Bees, Please!

Happy August! In these hot days lingering toward the end of summer, California is once again in the grips of ever-worsening wildfires. Fire season now spans half the year, due to climate change causing hotter, drier conditions.

Honeybee on hyssop

These conditions also contribute to growing instability in more humble areas: native and non-native bees, imperiled not only from drought and climate change; but also dangerous pests like varroa mites, disease, herbicides/pesticides and other poisons, lack of biodiversity and forage due to monoculture, and habitat loss from human development.

Earlier I’d posted about how integral bees’ health is to human life and systems, as well as on their fascinating behavior, such as the waggle dance they perform to alert each other to pollen sources. Amazingly, California has over 1600 species of native bees. 1600! B and I have focused any garden plantings (which we decreased due to ongoing drought) on mostly native plants to attract bees and other pollinators.

Bumblebee on bog sage

B’s folks have taken up beekeeping, joining the effort that’s restoring honeybee populations in New England.

Individuals and agriculture using more sustainable practices can help offset the damage caused by human development and monoculture. Some critical ways to help with conservation:

  • don’t use poisons in your home or garden! Pesticides, herbicides, and rodenticides affect more than just the creatures you want to get rid of, and kill countless beneficial insects (like bees); keystone species like raptors; household pets, and children.
  • focus on mainly plants native to your area, and non-natives that provide necessary nectar and shelter to attract pollinators.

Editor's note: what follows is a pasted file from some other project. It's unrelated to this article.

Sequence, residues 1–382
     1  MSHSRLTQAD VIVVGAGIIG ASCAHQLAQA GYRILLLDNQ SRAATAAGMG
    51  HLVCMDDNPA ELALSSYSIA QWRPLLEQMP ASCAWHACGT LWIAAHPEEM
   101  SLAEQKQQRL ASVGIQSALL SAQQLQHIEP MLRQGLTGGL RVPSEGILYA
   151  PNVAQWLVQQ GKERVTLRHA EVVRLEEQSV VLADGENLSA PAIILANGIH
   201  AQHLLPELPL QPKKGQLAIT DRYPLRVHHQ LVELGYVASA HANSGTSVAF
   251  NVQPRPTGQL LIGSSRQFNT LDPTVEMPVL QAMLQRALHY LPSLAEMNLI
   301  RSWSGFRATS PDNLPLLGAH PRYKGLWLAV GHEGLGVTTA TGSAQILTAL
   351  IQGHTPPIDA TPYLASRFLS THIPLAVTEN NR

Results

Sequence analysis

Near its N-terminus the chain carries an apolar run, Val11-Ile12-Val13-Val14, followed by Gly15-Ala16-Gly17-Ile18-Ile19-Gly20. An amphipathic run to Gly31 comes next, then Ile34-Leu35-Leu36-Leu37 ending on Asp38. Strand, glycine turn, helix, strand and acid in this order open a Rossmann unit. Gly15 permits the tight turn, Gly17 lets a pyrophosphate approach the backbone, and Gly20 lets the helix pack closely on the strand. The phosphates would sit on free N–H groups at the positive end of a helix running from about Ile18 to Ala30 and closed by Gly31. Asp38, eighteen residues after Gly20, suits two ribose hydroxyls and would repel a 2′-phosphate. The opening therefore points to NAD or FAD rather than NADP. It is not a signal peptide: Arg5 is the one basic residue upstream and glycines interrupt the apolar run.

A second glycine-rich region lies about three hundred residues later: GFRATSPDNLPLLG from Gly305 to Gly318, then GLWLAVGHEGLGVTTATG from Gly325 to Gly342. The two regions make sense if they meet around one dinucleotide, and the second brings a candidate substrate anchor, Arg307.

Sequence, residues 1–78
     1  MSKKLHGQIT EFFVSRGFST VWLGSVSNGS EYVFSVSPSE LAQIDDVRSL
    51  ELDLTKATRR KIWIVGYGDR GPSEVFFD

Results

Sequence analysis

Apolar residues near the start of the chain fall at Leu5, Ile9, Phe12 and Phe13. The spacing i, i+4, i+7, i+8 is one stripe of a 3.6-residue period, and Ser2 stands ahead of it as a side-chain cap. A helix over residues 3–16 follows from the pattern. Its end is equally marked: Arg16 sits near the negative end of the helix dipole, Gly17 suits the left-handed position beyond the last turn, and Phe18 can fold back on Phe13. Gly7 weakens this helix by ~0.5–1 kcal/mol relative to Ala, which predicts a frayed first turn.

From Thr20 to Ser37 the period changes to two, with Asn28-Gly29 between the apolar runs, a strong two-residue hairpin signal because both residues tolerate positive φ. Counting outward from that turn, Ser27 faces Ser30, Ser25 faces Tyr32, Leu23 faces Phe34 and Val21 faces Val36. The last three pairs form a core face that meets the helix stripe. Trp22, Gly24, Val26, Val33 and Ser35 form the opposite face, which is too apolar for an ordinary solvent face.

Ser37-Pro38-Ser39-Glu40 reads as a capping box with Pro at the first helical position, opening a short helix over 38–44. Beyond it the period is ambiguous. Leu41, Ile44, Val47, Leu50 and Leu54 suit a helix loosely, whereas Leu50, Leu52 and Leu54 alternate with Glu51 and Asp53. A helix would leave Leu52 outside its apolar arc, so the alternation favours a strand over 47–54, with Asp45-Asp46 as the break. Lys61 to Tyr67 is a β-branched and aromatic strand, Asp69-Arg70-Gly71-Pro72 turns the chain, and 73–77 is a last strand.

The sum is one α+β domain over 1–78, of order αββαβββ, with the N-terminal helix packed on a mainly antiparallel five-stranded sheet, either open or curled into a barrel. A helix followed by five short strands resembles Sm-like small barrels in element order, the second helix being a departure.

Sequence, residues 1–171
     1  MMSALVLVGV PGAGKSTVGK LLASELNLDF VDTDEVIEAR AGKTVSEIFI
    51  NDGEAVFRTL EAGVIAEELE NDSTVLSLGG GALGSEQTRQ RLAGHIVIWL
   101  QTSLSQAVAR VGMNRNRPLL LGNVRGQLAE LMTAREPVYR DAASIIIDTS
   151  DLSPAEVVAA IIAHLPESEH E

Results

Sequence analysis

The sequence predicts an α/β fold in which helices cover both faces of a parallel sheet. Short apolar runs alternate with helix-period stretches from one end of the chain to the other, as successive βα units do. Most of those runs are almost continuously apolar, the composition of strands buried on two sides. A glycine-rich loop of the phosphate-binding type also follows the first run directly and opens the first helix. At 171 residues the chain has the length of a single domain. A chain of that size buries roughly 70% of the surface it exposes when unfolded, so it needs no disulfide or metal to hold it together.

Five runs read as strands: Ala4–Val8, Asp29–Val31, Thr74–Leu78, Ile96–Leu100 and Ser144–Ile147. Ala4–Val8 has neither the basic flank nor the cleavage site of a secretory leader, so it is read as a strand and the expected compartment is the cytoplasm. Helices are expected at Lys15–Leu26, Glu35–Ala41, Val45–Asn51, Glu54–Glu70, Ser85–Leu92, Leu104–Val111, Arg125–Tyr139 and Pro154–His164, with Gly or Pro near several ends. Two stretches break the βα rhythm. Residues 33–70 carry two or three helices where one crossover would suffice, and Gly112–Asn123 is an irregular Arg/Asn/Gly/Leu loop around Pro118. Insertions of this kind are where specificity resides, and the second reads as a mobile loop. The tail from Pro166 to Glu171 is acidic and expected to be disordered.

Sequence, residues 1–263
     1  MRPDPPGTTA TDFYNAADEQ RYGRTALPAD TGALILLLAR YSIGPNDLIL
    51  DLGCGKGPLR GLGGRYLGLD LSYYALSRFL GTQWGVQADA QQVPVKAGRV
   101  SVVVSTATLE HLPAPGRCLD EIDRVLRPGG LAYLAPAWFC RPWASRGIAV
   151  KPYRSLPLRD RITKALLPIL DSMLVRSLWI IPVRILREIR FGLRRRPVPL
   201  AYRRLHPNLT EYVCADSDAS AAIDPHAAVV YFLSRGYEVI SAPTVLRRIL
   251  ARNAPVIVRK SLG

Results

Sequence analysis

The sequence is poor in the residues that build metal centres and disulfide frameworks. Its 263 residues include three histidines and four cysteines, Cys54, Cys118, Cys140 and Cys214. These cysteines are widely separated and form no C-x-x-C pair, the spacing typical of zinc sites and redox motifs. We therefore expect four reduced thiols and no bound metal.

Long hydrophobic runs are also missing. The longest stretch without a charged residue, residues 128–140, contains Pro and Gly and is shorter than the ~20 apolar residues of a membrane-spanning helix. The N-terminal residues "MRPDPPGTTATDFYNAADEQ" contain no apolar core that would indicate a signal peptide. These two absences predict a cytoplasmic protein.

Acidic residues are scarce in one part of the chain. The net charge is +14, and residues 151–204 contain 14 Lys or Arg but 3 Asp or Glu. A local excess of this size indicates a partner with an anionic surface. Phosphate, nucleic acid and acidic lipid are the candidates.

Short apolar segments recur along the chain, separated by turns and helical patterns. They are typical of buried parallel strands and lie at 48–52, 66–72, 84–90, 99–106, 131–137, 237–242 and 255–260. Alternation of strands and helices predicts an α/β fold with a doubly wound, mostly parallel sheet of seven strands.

Honeybee (right) on bronze fennel

  • as a beekeeper, you can make a small initial investment and sustain a relatively low-maintenance hive population; for help, join a local beekeeping association.
  • support growers of organic produce, and farmers working on innovative ways to introduce various species of native bees to supplement the work of honeybees.

I can’t possibly overstate the joy of living with a healthy garden humming with happy and industrious birds, butterflies, and bees!

Bee feeding frenzy on artichoke flower

 

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About thislittleplot

Writer, hiker, loafer
This entry was posted in Climate Change, Conservation, Family, Garden, Nature, Uncategorized, Wildlife and tagged , , . Bookmark the permalink.

4 Responses to Bees, Please!

  1. owlwoman says:

    I heard about the fires in California and was hoping your area hadn’t been affected.

    I love bees. Thank you so much for this inspiring post. I don’t have a garden, but there are lots of green spaces nearby to watch them!

    • Thank you for your concern; the fires are still farther north and east of us – about an hour or more. Smoke getting worse, though, and it’s always nerve-wracking because the fires are worse this year, and you never know what can happen with fire behavior.

      Maybe you can have a window garden or box, that could attract pollinators to just outside a kitchen window, for instance? Glad you’re able to enjoy bees nearby!

  2. Shonna says:

    Thank you for writing about the dear little bees! As I write this, several species are busy enjoying our raspberry flowers and our other garden perennials very much! Even though the Leaf Hoppers (those little devils) are making some of the berry leaves look sad, we do not spray anything for fear of harming bees. They are so precious, we are grateful for them.

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